FLEMINGTON, NJ – Jersey Central Power & Light says concerns about “security and safety” prevent the company from publicly releasing the cause of some of its power outages.
The decision is a departure from past practice, when the company was transparent after it had issues with its equipment or distribution system.
The utility seems to have performed well during the recent heat wave.
“Typically, we’ll have overloads on circuits,” JCP&L Area Manager Stan Prater told Hunterdon Freeholders July 16 as part of his regular report. “We’ll call (them) power outages.”
But Prater’s Freeholder report didn’t mention the company’s “emergency” planned outage that affected thousands of its customers in East Amwell and the surrounding area last month.
At the time, JCP&L spokesperson Cliff Cole said that the outage was necessary for the company to perform “emergency repairs.” He wouldn’t say whether that involved the JCP&L substation in Ringoes, or whether it was to work on other parts of its system, such as poles or lines.
When pressed at last week's public Freeholder meeting, Prater declined to provide detail.
“We don’t get into specifics,” Prater said. “We’re living in an age when security and safety is very important.” Prater said he would “not disseminate” information regarding the emergency but said he’d explain it privately to the Freeholders.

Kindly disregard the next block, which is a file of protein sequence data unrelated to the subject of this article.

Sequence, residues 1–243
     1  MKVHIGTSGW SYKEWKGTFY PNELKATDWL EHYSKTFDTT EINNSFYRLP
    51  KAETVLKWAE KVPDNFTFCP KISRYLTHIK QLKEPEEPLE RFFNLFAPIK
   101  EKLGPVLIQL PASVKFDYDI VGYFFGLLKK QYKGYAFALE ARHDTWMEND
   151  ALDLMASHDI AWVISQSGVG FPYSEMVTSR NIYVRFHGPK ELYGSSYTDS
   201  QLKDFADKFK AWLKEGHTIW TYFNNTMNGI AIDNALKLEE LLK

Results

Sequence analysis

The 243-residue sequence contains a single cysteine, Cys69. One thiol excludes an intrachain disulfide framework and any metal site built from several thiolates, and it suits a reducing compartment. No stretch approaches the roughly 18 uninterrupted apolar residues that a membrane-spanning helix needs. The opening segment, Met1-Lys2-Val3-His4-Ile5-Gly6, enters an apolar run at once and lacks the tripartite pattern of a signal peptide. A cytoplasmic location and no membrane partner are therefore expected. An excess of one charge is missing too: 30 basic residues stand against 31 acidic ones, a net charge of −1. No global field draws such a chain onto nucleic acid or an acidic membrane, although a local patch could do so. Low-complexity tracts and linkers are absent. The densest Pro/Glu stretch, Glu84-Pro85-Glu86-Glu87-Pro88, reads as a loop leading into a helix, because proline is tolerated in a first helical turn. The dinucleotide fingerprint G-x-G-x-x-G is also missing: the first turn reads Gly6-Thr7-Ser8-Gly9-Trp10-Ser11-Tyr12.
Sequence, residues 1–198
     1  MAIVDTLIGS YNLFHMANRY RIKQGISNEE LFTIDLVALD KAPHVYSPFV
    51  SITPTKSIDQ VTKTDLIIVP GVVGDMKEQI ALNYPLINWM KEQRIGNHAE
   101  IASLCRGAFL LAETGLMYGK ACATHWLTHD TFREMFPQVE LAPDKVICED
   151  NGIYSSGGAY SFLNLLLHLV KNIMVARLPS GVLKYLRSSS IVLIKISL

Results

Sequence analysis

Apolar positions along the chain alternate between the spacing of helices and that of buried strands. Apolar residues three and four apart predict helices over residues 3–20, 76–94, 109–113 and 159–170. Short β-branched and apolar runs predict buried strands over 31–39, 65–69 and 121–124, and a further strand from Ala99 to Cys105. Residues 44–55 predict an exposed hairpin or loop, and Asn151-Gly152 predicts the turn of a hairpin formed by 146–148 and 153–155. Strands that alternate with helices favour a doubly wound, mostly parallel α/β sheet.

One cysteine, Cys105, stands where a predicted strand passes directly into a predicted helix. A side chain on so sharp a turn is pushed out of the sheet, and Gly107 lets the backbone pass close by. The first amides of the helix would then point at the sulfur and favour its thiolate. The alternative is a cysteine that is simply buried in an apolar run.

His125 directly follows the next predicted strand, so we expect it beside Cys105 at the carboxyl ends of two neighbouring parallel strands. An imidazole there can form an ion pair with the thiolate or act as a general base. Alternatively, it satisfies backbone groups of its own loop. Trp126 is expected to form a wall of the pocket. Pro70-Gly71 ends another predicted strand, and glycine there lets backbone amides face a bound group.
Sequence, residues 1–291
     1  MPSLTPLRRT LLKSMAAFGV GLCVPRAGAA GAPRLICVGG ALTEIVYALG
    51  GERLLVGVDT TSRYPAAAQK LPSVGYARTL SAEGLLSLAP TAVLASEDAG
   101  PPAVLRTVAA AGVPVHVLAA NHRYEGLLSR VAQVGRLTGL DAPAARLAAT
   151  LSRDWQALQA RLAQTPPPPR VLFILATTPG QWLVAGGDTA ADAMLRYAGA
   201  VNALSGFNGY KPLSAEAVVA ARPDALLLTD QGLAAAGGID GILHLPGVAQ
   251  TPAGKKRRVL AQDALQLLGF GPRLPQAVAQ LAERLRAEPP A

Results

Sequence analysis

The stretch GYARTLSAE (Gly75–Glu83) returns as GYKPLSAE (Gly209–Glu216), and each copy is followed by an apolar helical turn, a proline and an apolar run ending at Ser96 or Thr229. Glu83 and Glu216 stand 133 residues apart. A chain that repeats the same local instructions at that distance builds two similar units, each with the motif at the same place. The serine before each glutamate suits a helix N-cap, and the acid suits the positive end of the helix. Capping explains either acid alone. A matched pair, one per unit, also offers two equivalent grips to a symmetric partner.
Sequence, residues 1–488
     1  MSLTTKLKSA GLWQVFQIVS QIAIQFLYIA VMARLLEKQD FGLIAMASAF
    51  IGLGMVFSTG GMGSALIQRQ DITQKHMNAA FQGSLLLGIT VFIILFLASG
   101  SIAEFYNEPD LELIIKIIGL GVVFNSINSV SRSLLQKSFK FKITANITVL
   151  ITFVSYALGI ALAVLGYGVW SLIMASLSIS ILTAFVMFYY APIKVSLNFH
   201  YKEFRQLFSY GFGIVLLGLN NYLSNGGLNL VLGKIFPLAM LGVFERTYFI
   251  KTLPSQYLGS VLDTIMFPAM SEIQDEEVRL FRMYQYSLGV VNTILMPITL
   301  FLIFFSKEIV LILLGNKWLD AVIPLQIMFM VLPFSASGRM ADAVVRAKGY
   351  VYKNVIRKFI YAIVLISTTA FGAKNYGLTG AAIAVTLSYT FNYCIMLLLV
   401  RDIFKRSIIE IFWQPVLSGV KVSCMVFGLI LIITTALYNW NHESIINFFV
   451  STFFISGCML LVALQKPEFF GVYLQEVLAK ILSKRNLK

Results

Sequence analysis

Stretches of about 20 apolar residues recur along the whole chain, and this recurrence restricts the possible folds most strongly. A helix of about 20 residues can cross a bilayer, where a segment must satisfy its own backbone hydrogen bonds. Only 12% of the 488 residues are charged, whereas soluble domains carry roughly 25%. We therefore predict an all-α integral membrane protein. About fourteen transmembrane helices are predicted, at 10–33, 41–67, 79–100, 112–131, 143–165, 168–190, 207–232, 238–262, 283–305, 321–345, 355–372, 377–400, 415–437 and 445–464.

It isn’t clear that the Freeholders sought an explanation. But East Amwell Mayor Rick Wolfe did seek answers - without success.
Wolfe said last week that he reached out to Prater who, while friendly and courteous to him on the phone, insisted the company, “Absolutely, positively, will not disclose” the details regarding what the company identified as an “emergency.”
Wolfe said he believes in transparency from both government and public utilities, and that residents deserve some detail when a utility announces an emergency.
“Slime grows in darkness,” Wolfe said.
According to the state Board of Public Utilities, which regulates electric utilities in the state, the planned outage “occurred so that JCP&L could repair/close one of their load break switches to energize a bank in their substation.”
BPU spokesperson Peter Peretzman said, “The planned outage was necessary in order to safely restore the bank to service.”
Prater told the Freeholders that the repairs at the Ringoes substaion were completed successfully, but he didn’t return a phone call this afternoon seeking comment for this update.
As the heat wave drags on, about 120 of JCP&L’s Hunterdon customers were without power this afternoon. “Inclement weather” was the most common explanation for the outages, according to the JCP&L website.